[EM] Re: Condorcet's strategy problem

Rob Lanphier robla at robla.net
Thu Sep 15 21:43:36 PDT 2005

Hi Mike,

I'm going to respond a little out of order.

On Fri, 2005-09-16 at 01:23 +0000, MIKE OSSIPOFF wrote:
> But you haven't shown that the way I would vote in a Condorcet election is 
> stupid. Saying it isn't enough.
> [...]
> Let's not sling namecalling around unless we can show that it's true.

My apologies.  I didn't mean what I said as an insult to you, but I can
see how you took it that way, and for that I'm sorry.

> [Rob] continued:
> > If I like A, I hate B, but I
> > really hate C, do I risk approving B to make sure C doesn't get elected?
> > Sounds like I might end up back in the position of approving "the lesser
> > of two evils".
> [Mike replies]:
> No. Don't vote for an evil, in Approval or Pluarality. But you might well 
> vote for a compromise, in addition to your favorite.
> [...] If there's no obvious frontrunner, there are several other methods. Probably 
> the main one is Better-Than-Expectation:
> [Description of "Better-Than-Expectation" and "Threat-Promise"]
> There are a few other strategy methods, similar to or related to 
> Better-Than-Expectation and Threat-Promise.

That's my central objection to Approval when compared to Schulze(wv) and
other Condorcet-compliant methods.  In the vast majority of cases, a
simple sincere ranking works in Schulze(wv).  It's what I can do, it's
what I can tell others to do.

With Approval, the strategy has a lot of caveats in what could become
relatively common situations.

> Why is it stupid to do whatever it takes to maximize the probability that an 
> acceptable candidate will win, if the merit difference among the 
> acceptables, and among the unacceptables, are negligible compared to the 
> merit difference between the acceptables and the unacceptables. Under those 
> conditions, what matters is that an acceptable wins, not _which_ acceptable 
> wins. So you rank them in an order that maximizes the probability that one 
> of them will win. That probably won't be sincere order.

For people whose sincere first choice has a shot at winning, it is.  I
suspect that the vast majority of people will want one of the
frontrunners to win.  That's what makes them "frontrunners", after all.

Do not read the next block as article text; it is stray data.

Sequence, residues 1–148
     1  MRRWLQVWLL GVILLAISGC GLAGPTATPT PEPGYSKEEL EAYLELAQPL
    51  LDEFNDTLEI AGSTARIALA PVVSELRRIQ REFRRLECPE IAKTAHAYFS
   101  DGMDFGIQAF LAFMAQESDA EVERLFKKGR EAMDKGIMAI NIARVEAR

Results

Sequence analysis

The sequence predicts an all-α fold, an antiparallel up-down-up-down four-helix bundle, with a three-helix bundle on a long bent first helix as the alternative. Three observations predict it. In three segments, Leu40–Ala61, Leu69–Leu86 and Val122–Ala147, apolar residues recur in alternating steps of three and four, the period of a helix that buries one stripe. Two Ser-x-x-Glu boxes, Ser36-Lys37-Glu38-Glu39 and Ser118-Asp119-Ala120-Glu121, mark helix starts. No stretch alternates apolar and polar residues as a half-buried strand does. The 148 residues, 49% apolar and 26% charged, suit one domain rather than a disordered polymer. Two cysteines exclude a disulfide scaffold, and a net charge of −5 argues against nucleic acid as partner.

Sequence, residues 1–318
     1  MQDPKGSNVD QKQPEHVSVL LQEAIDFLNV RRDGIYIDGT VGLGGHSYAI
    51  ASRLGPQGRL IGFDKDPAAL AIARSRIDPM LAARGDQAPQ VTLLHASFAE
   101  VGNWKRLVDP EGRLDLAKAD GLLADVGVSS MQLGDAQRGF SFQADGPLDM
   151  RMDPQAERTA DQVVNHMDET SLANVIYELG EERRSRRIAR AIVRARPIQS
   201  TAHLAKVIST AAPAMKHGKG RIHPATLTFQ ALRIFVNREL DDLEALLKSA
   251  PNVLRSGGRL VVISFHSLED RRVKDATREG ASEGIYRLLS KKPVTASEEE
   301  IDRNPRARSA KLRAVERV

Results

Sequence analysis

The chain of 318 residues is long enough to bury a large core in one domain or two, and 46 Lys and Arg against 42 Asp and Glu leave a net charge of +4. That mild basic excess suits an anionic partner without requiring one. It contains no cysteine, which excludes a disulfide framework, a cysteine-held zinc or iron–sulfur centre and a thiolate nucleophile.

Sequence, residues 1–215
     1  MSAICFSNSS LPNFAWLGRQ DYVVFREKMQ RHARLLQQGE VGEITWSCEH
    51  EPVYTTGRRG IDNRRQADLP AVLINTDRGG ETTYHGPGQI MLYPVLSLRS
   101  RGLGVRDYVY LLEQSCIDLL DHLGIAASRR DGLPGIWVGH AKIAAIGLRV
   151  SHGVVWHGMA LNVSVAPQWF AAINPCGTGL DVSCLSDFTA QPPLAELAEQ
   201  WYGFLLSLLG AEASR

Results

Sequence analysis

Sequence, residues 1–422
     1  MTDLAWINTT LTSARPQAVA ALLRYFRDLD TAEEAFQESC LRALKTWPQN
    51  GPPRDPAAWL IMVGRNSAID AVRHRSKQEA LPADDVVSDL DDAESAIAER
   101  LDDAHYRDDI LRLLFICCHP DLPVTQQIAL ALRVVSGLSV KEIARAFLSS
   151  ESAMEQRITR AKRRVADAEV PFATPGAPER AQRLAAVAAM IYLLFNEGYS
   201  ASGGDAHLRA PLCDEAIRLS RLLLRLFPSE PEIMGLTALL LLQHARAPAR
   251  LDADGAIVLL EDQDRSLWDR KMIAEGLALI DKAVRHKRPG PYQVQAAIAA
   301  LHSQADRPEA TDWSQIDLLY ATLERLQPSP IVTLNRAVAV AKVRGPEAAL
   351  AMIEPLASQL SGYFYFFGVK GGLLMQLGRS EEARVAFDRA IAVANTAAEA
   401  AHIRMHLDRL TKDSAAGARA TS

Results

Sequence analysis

Even if your favorite doesn't have a shot, in most situations, voting
for your favorite won't hurt.  It's certainly not nearly as risky to
vote sincerely for your favorite in Schulze(wv) than it is in Plurality.
Since I've personally chosen to "waste my vote" on a protest vote in the
past under plurality (in at least one dangerously close contest, no
less), I don't anticipate that the much reduced risk in Schulze(wv)
would be much of a deterrent for me. 

I think the only reason why favorite betrayal figures prominently in
current voters' calculations is that I think many folks are skittish
after Bush v Gore (v Nader) 2000.  I suspect that over a long period of
time without incident

> My objection to people needing to [reverse order] is not that it isn't safe enough, 
> or that it isn't as safe as Approval. My objection to it is that that voter 
> is falsely saying that s/he likes Kerrry better than Nader. That voter is 
> concealing their liking for Nader. That voter, in Condorcet, but not in 
> Approval, is failing to show full support for Nader. That's what I object to 
> in methods that fail FBC.

It's a matter of degrees.  Under Approval, the voter is saying that both
Kerry and Nader are equally acceptable.  For that matter, they may even
have to say McCain or Giuliani is just as acceptable if it means beating

While that may not seem as bad as saying that Kerry is better than
Nader, in my mind, it's only a question of degree of insincerity.

> [Rob continues]:
> > We'll have to agree to disagree, because [absolute avoidance of favorite
> > betrayal] is not my goal.
> [Mike replies:]
> Ok, but when people are afraid to show full support for their favorite, 
> "Democracy" becomes a joke.

"Full support" means being able to express which candidate I
like /better/ than any other.

As I've said, absolute avoidance of favorite betrayal is not a goal of
mine.  It /is/ an important means, so it's only with great caution that
I'd recommend a system that doesn't meet FBC.  Given what I've seen, the
FBC problem in Schulze(wv) doesn't warrant throwing the baby out with
the bathwater.  


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